Sea Ice Retreat: More than Meets the Eye

(from Lloyd’s Report 2012: Arctic Opening – Opportunity and Risk in the High North)


The reduction in the extent of summer sea ice is the most high-profile indicator of Arctic climate change. The processes driving this retreat are complex: sea ice dynamics, air temperature, sea temperature, weather patterns and the physical geography of the Arctic as an ocean enclosed by land all play a part.

Although there is some variability in ice extent from year to year, and although the annual cycle of melting and freezing continues, the overall downward trend in the September sea ice extent, recorded by the US National Snow and Ice Data Center (NSIDC) since 1979, is strong and unambiguous. Historical data from other sources – such as the number of days when particular harbours have been iced up or ice-free, or century-old ice records of scientific expeditions – support the picture of sharply reduced ice extent compared with earlier periods.

In September 2011, the month when Arctic sea ice extent is typically at its lowest, ice coverage fell to a low of 4.33 million square kilometres (1.67 million square miles), some 2.38 million square kilometres less than the 1979–2000 average (see Figure 3)1 . The NSIDC records show ice extent lower in only one other year – 2007, when it reached 4.17 million square kilometres. Using a slightly different methodology, scientists at the University of Bremen reported that Arctic sea ice extent actually reached a minimum of 4.24 million square kilometres on 8 September 2011 – 27,000 square kilometres below the Bremen team’s estimate for summer 20072. According to their estimates, Arctic sea ice cover last reached this minimum 8,000 years ago.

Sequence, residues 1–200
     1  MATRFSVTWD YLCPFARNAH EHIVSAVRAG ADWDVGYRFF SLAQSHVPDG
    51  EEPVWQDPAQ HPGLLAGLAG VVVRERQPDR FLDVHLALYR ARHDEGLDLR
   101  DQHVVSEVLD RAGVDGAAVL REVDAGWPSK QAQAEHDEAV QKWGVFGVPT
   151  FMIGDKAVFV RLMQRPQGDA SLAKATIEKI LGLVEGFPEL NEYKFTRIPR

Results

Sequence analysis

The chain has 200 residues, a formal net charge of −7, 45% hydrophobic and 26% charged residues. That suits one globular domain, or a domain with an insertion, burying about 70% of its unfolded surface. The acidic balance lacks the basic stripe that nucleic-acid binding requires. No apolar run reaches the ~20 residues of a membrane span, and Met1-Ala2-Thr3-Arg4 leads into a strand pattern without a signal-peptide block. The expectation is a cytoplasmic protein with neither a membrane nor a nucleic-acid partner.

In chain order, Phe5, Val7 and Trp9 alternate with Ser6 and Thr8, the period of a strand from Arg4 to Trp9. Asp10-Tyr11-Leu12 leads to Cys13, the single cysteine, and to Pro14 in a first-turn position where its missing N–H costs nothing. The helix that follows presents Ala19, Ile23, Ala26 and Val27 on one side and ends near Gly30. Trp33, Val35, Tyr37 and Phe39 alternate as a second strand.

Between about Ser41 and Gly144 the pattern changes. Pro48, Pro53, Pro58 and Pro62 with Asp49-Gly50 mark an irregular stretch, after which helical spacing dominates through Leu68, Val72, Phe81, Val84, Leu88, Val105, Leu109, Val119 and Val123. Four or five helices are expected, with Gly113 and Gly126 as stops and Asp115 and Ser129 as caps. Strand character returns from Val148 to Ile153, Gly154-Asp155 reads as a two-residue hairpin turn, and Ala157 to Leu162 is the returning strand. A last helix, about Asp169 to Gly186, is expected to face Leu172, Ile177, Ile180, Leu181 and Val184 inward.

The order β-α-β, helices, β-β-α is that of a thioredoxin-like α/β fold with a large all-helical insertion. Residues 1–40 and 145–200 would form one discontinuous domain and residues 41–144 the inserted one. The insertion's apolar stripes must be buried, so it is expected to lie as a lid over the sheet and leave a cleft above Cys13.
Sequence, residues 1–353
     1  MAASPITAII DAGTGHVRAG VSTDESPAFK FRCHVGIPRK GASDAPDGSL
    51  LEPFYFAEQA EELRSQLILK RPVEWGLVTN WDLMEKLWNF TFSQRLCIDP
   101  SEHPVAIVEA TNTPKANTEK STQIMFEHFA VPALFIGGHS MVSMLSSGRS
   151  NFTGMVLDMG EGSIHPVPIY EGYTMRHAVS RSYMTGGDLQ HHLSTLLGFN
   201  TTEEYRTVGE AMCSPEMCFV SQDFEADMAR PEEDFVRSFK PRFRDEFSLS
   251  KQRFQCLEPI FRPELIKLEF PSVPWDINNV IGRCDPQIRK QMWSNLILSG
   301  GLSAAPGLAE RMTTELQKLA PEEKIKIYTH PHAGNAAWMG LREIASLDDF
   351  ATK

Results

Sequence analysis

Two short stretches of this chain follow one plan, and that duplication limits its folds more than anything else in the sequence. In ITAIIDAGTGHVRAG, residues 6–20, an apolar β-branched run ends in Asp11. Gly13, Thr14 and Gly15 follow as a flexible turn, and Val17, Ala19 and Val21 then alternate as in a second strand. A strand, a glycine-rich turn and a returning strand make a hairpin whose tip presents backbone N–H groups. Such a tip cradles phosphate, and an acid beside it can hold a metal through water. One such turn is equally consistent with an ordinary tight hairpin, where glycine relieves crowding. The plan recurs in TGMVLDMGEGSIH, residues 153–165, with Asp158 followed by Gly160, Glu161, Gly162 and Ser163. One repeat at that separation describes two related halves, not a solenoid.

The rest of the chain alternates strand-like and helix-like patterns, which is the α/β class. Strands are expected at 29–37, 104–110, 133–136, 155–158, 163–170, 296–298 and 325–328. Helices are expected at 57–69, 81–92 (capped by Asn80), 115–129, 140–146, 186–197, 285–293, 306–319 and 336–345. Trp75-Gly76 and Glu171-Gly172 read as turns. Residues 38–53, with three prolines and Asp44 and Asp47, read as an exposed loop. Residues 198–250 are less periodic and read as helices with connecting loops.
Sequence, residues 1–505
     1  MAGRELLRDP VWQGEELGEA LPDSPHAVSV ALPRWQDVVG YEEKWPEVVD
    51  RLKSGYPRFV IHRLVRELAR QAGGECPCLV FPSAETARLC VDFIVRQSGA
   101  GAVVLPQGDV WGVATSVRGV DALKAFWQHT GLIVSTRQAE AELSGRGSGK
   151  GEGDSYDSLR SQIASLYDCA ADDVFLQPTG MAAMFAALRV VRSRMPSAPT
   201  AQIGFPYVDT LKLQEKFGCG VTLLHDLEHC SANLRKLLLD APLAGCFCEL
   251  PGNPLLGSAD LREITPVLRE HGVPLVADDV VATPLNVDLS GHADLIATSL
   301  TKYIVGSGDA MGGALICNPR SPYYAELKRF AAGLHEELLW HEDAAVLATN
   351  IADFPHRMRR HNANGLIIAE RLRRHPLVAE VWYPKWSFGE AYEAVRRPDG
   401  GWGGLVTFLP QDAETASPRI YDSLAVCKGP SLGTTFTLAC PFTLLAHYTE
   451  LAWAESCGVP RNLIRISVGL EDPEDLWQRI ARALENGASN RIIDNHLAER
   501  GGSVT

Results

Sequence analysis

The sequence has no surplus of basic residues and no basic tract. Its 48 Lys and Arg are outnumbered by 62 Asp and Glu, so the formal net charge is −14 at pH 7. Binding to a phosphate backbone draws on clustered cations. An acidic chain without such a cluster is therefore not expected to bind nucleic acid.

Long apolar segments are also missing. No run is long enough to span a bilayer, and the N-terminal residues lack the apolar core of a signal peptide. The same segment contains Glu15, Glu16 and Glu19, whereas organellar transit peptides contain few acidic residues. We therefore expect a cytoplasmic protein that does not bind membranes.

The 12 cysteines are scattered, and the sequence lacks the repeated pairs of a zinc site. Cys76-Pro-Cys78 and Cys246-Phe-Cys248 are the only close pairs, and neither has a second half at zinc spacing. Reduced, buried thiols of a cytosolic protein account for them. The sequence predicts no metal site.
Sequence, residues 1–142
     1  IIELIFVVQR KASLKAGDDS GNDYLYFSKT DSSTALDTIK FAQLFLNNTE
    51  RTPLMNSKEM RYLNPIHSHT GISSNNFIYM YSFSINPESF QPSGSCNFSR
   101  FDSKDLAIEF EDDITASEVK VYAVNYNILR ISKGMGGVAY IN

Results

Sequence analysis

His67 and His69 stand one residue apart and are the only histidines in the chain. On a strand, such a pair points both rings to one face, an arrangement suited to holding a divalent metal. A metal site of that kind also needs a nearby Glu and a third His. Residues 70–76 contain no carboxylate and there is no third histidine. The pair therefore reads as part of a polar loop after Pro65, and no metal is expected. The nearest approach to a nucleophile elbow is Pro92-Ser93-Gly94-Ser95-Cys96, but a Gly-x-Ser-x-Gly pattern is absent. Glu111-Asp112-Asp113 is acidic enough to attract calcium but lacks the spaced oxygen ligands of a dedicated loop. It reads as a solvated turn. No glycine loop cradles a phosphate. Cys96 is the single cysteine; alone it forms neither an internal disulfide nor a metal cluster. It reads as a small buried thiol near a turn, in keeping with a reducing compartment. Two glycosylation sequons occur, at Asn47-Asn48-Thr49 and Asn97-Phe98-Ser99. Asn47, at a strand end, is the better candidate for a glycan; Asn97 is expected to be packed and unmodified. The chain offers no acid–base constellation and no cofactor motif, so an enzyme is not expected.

Dramatic as it is, the reduction in the extent of Arctic sea ice cover is only half the picture. Arctic ice is also both thinner and younger than previously. In the early 1980s, the NSIDC estimated that as much as 40% of Arctic September ice was more than five years old. In 2011, that proportion had declined to 5%. This shift has important ramifications, both climatic (e.g. the dynamics of the ice cover) and socioeconomic (e.g. the location of multi-year ice has a significant impact on the viability of various Arctic shipping routes).

Estimating ice thickness – and therefore the overall volume of Arctic ice – is more complicated than measuring surface ice extent. Ice thickness varies across the Arctic depending on a range of conditions, and cannot be continuously assessed. Most Arctic ice is constantly moving (vi).